STEM reaches out to Chaney High School
Martin Abraham, dean of the College of Science, Technology, Engineering and Mathematics, said that today’s job market provides numerous job openings for STEM graduates — but that the community lacks the workforce to fill those positions.
With 11.3 percent of Youngstown’s population holding a bachelor’s degree in 2009, the city ranked last among 95 metropolitan areas in terms of higher education attainment, according to the Brookings Institution.
As a way to prepare students for skilled jobs, STEM has teamed up with Chaney High School and area employers to create the STEM Outreach Initiative.
AT&T has also partnered, putting a $20,000 grant toward the initiative.
Abraham said high school students typically take only the required math and science courses and are not prepared when they get to college.
“Part of the challenge for us is to help the high school students become properly educated graduates so that when they come here we have properly educated freshmen,” Abraham said.
The STEM Outreach Initiative would allow select students from Chaney to work with area employers during a summer internship program.
Sherri Hrusovski, coordinator of STEM student professional services, said students would be selected through an interview process.
The initiative would also help students build their resumes and develop interview skills.
“The idea is to give them full experience from beginning to end,” Hrusovski said.
Abraham said STEM decided to collaborate with Chaney for three reasons: the school’s curriculum, its location and the high percentage of underrepresented minorities in Youngstown.
“We want our best kids staying here,” Abraham said.
The STEM Outreach Initiative is also a recruiting tool to attract more STEM students to Youngstown State University.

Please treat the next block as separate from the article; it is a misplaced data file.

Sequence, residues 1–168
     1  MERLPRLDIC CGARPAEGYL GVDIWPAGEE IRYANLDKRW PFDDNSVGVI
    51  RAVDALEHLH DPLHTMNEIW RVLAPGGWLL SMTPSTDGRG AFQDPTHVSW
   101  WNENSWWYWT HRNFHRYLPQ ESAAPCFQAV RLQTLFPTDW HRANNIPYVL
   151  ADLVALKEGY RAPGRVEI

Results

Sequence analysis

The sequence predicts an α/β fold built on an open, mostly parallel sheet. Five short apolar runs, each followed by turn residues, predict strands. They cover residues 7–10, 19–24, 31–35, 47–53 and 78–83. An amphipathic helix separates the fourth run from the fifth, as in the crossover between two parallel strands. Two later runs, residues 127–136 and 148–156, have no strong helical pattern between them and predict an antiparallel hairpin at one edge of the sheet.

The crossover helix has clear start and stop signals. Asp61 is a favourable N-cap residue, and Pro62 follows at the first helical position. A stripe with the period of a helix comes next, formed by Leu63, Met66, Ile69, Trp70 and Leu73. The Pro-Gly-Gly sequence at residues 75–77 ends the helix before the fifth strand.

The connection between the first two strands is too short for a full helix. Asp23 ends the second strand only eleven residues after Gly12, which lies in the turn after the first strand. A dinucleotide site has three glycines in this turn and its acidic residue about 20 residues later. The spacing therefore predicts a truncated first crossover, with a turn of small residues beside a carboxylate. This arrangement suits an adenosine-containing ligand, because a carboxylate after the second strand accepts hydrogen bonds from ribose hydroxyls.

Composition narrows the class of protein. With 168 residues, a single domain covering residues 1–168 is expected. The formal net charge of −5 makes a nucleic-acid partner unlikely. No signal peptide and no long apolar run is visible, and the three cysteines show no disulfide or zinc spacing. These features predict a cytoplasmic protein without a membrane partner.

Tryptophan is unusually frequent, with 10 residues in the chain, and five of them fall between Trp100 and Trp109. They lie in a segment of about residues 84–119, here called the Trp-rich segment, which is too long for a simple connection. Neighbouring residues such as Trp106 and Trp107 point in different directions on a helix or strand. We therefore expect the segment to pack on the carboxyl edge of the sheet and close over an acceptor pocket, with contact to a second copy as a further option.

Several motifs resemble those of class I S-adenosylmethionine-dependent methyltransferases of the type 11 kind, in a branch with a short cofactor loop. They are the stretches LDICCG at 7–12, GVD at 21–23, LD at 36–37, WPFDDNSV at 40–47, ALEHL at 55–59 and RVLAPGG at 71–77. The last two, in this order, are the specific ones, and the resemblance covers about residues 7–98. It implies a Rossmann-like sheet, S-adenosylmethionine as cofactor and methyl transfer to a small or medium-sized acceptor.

Hrusovski said that if students complete the program and decide to further their education at YSU, a scholarship would be available.
Abraham said the initiative would also help boost the university’s student population of minorities and first-generation college students.
“The intent is to give them real work experience and give them an idea of what type of jobs are available,” Abraham said.
Abraham hopes that the program will become self-sustaining and be able to reach out to more high schools.
“There are high school students out there who may think, ‘Well, I could be an engineer, or I could be a nurse,’ and we hope that this opportunity could show these students what opportunities are out there,” he said. “We want them to understand that it’s a lot of hard mental work.”
Hrusovski said the interview process will begin in the near future.
She added that YSU students will have the opportunity to tutor and mentor the Chaney students involved with the initiative.
“I think this program will do a lot for the students who want to learn,” Hrusovski said. “I believe that especially in college we should be learning something new every day.”